As Taliban forces quickly tighten their control of Afghanistan, the defunct Afghan government’s websites remain intact for now—a strange echo of a doomed U.S. occupation, a government that no longer exists, and a future that will never be.
"The strength and capability of the country's national defense and security forces is commendable," still reads the website of the Afghanistan military, whose members quickly fled their posts as the Taliban re-established control of the perpetually war-torn nation.
Numerous other websites under the .af country code top-level domain (ccTLD) still exist as digital time capsules, including the Afghanistan Ministry of Justice, the Ministry of Education, the Ministry of Finance, and the Ministry of Foreign Affairs.
Fearing execution at the hands of the Taliban, Afghan President Ashraf Ghani fled Kabul during an employee lunch break on August 15 without telling his staff or allies. Yet Ghani’s Presidential website still sits completely intact, highlighting recent conversations with U.S. leaders.
“Seems like a press release from an alternate timeline,” said Reuters journalist Raphael Satter, who has been documenting the Afghan government’s doomed internet presence on Twitter.
Internet access remains a luxury across much of Afghanistan. Despite having been introduced to the country twenty years ago, only about 13.5 percent of Afghans currently have access to the internet at home, unsurprisingly at speeds far slower than the global average.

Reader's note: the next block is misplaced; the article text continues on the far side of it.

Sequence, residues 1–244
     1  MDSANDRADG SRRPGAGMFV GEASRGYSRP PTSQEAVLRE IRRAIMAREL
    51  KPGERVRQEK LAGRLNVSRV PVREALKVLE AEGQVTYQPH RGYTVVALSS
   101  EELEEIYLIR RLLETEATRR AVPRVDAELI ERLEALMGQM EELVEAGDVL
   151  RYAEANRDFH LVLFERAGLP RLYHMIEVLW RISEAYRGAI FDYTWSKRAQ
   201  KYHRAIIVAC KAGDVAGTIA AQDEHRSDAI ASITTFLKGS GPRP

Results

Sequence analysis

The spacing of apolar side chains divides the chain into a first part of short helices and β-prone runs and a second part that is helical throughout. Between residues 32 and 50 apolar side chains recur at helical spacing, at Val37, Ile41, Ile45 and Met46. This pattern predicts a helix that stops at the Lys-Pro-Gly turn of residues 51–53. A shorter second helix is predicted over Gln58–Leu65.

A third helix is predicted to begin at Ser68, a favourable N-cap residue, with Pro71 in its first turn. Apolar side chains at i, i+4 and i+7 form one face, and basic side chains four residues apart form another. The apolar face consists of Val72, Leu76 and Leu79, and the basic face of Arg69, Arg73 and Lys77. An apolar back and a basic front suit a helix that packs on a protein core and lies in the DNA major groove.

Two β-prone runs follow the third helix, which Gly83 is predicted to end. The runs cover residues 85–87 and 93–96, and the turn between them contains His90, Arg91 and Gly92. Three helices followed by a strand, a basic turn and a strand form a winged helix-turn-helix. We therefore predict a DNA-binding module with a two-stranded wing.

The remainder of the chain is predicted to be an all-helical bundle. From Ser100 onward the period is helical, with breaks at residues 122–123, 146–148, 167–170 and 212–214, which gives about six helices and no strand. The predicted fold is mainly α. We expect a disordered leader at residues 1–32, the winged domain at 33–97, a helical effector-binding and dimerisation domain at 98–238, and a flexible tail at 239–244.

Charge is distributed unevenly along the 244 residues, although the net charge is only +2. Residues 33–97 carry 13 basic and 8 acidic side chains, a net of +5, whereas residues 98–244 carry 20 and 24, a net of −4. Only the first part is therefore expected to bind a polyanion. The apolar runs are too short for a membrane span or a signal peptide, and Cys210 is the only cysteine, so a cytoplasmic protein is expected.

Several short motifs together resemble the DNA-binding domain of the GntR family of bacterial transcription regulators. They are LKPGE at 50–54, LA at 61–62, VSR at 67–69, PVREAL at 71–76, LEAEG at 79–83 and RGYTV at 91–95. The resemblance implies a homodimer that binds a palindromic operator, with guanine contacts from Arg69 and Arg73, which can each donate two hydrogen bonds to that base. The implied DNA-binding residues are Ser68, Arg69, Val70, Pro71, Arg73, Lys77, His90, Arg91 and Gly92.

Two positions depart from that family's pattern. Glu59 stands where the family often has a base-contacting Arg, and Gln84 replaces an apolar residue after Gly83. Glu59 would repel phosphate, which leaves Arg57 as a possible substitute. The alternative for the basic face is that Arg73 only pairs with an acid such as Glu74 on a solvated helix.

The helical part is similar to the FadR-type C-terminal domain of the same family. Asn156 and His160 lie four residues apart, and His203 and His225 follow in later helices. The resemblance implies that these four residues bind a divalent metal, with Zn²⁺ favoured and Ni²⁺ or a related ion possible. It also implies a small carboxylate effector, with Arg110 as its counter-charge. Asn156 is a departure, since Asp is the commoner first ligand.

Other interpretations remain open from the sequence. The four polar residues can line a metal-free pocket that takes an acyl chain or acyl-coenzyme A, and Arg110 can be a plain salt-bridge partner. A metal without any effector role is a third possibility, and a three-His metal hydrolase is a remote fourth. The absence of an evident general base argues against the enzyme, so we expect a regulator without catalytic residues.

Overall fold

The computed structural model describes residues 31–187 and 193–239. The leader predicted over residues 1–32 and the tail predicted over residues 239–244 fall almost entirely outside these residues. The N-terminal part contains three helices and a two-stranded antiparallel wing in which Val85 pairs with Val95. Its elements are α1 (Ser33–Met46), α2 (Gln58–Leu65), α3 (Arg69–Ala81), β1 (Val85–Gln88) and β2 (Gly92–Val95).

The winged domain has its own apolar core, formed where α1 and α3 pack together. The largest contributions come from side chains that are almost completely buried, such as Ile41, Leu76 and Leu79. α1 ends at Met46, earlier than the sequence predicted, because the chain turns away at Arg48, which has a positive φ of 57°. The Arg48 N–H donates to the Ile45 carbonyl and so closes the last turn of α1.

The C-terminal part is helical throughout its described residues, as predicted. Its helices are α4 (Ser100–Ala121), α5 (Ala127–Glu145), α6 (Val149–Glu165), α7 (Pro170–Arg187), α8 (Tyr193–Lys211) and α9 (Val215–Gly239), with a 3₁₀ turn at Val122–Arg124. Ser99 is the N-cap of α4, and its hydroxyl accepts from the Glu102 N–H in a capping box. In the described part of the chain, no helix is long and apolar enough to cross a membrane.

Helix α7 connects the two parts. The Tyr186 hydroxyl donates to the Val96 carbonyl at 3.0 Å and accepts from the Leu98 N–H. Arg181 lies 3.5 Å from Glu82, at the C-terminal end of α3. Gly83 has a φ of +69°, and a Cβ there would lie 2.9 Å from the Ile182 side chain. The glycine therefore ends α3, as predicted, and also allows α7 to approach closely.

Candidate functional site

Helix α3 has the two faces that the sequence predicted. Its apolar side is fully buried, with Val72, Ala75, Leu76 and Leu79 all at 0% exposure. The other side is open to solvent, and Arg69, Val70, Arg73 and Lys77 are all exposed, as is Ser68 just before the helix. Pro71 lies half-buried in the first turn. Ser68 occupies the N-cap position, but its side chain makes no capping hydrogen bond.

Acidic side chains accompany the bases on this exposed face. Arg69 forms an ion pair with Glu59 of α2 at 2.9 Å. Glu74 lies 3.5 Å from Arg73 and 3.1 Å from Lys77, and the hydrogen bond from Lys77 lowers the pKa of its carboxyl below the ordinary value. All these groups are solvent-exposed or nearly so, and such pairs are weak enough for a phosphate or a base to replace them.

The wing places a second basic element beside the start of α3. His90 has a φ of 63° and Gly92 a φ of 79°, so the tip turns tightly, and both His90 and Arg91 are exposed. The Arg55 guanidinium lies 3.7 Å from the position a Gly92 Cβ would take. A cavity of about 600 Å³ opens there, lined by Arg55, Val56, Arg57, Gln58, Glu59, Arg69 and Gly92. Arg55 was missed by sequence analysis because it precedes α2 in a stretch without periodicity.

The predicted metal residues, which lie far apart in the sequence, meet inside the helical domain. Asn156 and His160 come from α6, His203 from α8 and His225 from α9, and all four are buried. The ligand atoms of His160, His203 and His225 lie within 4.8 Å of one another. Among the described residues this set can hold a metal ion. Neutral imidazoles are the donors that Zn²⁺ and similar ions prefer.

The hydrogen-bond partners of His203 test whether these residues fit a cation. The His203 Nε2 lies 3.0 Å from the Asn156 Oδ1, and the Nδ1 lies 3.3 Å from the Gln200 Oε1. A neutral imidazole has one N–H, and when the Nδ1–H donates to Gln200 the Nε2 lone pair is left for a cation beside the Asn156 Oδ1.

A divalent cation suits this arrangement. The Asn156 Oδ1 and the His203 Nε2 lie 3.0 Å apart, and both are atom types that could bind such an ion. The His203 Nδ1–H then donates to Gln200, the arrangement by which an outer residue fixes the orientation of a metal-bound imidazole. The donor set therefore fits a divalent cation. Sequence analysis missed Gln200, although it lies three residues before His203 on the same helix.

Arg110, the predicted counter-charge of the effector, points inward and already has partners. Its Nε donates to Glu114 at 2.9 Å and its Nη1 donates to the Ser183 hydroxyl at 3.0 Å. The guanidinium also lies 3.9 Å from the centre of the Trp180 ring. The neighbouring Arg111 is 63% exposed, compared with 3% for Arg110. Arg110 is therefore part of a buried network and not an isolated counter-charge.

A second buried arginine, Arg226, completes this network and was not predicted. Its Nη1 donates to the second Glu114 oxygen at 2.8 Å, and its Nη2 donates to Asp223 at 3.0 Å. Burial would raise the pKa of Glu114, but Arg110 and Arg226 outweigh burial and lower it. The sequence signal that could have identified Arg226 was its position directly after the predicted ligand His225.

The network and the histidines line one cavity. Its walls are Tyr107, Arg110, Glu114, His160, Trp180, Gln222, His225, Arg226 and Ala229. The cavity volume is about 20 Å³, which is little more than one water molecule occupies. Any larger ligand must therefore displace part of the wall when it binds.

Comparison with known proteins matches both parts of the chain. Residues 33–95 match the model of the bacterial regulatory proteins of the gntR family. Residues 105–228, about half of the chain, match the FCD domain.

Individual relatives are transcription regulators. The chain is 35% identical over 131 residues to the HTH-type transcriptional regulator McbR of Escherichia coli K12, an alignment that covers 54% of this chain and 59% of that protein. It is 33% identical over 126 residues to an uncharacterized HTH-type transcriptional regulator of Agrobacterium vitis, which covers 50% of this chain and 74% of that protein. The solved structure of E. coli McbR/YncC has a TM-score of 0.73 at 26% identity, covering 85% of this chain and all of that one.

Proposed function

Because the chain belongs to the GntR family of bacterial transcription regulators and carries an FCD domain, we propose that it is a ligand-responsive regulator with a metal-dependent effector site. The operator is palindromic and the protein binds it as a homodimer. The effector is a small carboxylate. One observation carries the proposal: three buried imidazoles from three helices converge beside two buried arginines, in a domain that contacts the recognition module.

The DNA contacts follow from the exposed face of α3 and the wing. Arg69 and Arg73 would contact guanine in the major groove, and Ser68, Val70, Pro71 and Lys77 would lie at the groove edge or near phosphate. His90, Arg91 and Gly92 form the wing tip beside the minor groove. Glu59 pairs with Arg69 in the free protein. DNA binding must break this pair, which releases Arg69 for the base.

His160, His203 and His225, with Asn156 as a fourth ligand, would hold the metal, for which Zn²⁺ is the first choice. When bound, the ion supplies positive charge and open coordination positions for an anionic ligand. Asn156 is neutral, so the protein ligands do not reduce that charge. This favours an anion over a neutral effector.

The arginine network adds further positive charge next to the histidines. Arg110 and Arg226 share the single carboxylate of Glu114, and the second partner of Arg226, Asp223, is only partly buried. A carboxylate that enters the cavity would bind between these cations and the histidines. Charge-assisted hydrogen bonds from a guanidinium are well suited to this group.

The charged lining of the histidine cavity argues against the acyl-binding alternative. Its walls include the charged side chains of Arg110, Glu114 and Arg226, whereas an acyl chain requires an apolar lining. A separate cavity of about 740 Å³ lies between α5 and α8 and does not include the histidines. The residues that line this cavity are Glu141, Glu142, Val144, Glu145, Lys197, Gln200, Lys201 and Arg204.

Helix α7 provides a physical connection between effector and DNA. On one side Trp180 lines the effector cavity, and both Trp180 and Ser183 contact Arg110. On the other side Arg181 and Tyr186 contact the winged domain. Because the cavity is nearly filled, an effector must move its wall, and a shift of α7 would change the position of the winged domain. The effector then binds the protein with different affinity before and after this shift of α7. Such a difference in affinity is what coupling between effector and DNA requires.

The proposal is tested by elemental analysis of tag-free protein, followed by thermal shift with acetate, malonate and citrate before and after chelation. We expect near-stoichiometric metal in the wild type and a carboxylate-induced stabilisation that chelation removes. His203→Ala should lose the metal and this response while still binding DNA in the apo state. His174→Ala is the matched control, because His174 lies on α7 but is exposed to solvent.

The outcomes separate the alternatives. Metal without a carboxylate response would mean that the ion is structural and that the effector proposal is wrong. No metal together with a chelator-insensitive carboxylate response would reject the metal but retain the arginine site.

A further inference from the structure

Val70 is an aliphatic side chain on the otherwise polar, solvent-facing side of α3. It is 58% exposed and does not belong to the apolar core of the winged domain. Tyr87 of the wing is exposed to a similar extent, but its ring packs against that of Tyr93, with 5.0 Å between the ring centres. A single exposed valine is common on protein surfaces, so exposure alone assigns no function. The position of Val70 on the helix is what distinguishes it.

A blog post by UK-based internet security firm Netcraft notes it may not take long for the defunct government websites to fall under Taliban control. The Taliban’s own websites went mysteriously dark earlier this month in an apparently futile attempt to limit the extremist organization’s online influence.
Both PCH and Gransy “may choose to honour or ignore DNS changes that the Taliban might make,” Netcraft said. “To keep the DNS operational, the Taliban is dependent on maintaining the goodwill of PCH and Gransy, who appear to be operating an entirely pro bono DNS service for the country.”
“Politics has nothing to do with our daily work, and we are a 100 percent apolitical organization,” Gransy said in a blog post of its own, suggesting that the responsibility for what comes next lies largely with the U.S. Internet Corporation for Assigned Names and Numbers (ICANN).
But statements from ICANN indicate that barring some form of intervention, any decision on what happens next will likely come locally at the hands of those currently in control of the country itself (the Taliban).
“Currently the .af domain is managed by the Afghanistan Ministry of Communications and IT and that has not changed,” ICANN said. “A change in government in any country does not automatically trigger a change to our recognition of a government entity appointed as the manager of the domain.”
In other words, with the Taliban now technically in control of Afghanistan, any fading online remnants of a dismantled government also fall under Taliban control.
The current incarnation of the Taliban is more internet-savvy than its predecessors, who between 1996 and 2001 outlawed many electronics and banned public internet access. But it remains unclear if the organization plans to exploit the internet as a vessel for propaganda, censorship, and surveillance, or shutter the nation’s already shaky telecom systems entirely.